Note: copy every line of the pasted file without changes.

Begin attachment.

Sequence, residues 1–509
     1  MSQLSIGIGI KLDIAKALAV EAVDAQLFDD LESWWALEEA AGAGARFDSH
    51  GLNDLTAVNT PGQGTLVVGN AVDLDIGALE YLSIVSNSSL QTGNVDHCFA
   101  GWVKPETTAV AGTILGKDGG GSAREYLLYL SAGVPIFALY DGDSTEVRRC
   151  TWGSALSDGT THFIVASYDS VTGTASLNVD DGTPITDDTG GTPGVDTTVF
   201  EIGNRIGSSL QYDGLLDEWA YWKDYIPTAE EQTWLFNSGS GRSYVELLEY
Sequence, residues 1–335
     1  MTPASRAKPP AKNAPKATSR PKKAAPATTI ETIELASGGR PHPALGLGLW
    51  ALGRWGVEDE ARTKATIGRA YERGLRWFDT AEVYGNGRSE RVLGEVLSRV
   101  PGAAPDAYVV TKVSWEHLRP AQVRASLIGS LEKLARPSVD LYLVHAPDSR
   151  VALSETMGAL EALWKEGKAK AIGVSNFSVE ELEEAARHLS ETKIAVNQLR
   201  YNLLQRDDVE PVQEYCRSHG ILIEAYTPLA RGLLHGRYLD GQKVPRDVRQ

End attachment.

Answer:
Sequence, residues 1–509
     1  MSQLSIGIGI KLDIAKALAV EAVDAQLFDD LESWWALEEA AGAGARFDSH
    51  GLNDLTAVNT PGQGTLVVGN AVDLDIGALE YLSIVSNSSL QTGNVDHCFA
   101  GWVKPETTAV AGTILGKDGG GSAREYLLYL SAGVPIFALY DGDSTEVRRC
   151  TWGSALSDGT THFIVASYDS VTGTASLNVD DGTPITDDTG GTPGVDTTVF
   201  EIGNRIGSSL QYDGLLDEWA YWKDYIPTAE EQTWLFNSGS GRSYVELLEY
Sequence, residues 1–335
     1  MTPASRAKPP AKNAPKATSR PKKAAPATTI ETIELASGGR PHPALGLGLW
    51  ALGRWGVEDE ARTKATIGRA YERGLRWFDT AEVYGNGRSE RVLGEVLSRV
   101  PGAAPDAYVV TKVSWEHLRP AQVRASLIGS LEKLARPSVD LYLVHAPDSR
   151  VALSETMGAL EALWKEGKAK AIGVSNFSVE ELEEAARHLS ETKIAVNQLR
   201  YNLLQRDDVE PVQEYCRSHG ILIEAYTPLA RGLLHGRYLD GQKVPRDVRQ